Land and ocean areas each had their warmest September on record in 2023, and September was the sixth consecutive month with record-high global ocean temperatures. North America, Africa, Europe, and South America each had their warmest September on record; Asia had its second-warmest September; Oceania had its third-warmest September. September ranked as the seventh-warmest September on record in the United States.
According to Berkeley Earth, most of the record-high departure from average in global temperatures in September as compared to August (which was itself a record-warm August) was because of record-warm temperatures in polar regions, particularly the Antarctic. In their database, September broke the monthly global temperature record by 0.50 degrees Celsius (0.9°F), and 77 countries had their hottest September on record. Berkeley Earth researchers commented that this “is unprecedented and highly unlikely. An examination of CMIP6 climate models used to simulate global warming would lead us to estimate the chance of this occurring at ~1 in 10,000,” and that “it suggests that models may not be fully representing recent climate changes.”
The record-smashing heat was not limited to Earth’s surface. In the upper atmosphere, September had the largest departure from average since satellite measurements began (see Tweet below).
Australia had its driest September on record, which led to severe wildfires. Total rainfall was 70.8% below the 1961-1990 average for September, influenced by a positive Indian Ocean dipole, El Niño, and the long-term human-caused global warming. However, on a global basis, the month’s record-warm temperatures fostered extra evaporation from oceans, and that led to atmospheric moisture setting a new September record in 2023, both in terms of dewpoint temperature and precipitable water (see Tweets below).
Climate change’s share of the tab for extreme weather events: $143 billion per year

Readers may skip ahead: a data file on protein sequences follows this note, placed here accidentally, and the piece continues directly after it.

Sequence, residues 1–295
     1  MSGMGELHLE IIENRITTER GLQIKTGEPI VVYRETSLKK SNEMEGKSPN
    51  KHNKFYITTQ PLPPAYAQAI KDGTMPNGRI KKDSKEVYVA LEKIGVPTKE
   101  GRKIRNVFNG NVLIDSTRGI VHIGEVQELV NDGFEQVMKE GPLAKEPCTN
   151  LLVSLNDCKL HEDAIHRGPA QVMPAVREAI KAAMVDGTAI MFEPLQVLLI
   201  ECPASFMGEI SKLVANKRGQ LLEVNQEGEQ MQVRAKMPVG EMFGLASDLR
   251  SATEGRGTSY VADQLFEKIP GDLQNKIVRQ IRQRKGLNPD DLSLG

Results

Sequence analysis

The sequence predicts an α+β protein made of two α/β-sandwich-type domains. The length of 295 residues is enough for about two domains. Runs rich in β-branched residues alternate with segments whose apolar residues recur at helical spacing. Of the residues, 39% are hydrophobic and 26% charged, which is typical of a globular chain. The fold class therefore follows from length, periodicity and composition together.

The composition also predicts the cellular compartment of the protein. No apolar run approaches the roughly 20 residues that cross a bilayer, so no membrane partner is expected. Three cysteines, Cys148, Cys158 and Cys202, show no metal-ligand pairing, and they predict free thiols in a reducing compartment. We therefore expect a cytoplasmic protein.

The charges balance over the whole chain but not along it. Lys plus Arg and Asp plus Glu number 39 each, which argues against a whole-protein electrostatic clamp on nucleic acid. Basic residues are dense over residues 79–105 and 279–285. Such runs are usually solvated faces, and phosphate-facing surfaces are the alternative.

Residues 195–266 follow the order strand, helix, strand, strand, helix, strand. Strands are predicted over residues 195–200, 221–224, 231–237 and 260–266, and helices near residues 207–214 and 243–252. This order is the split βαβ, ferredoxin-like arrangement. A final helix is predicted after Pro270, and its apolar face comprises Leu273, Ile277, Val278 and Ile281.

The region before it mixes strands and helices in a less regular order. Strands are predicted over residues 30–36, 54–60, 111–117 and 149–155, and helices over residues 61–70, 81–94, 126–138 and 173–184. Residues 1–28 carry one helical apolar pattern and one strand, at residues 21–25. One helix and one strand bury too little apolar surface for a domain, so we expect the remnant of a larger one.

Climate change is responsible for $143 billion of the cost of extreme events every year, according to a study released in September, The global costs of extreme weather that are attributable to climate change. The authors combined data from extreme event attribution studies with “data on the socio-economic costs of these events” to estimate the global cost of extreme weather attributable to climate change in the last twenty years. They found that 63% of the climate change cost is from loss of human life. “Our results suggest that the frequently cited estimates of the economic costs of climate change arrived at by using integrated assessment models may be substantially underestimated,” the authors said.
El Niño at the threshold of the “strong” category
El Niño conditions continued over the past month in the eastern tropical Pacific and were at the “strong” threshold, according to NOAA’s October 12 discussion. Sea surface temperatures in the Niño-3.4 region in the week ending October 12 were 1.5 degrees Celsius above average; a “strong” El Niño event is defined when these sea surface temperatures are in excess of 1.5 degrees Celsius above average. NOAA gave a 75-85% chance of the current event being defined as a strong El Niño for the November-January period, and a 30% chance of a “historically strong” event rivaling 2015-16 and 1997-98, with sea surface temperatures in the Niño-3.4 region at least 2 degrees Celsius above average during November-January. The forecasters gave an 80% chance that El Niño conditions would continue into March-May 2024.
Arctic sea ice: eighth-lowest September extent on record
Arctic sea ice extent during September 2023 was the eighth-lowest in the 45-year satellite record, according to the National Snow and Ice Data Center. The annual minimum extent occurred on September 19 and was the sixth-lowest minimum extent in the 45-year satellite record.
The shipping channels through the southern route of the Northwest Passage through Canadian waters opened to ice-free navigation during September. The Northeast Passage (or Northern Sea Route) along the northern coast of Russia was also open to ice-free navigation. The northern route of the Northwest Passage had the lowest ice coverage of any year except for the record-low year of 2011 but remained closed to ice-free navigation during September. The Arctic had its warmest September on record, according to NOAA.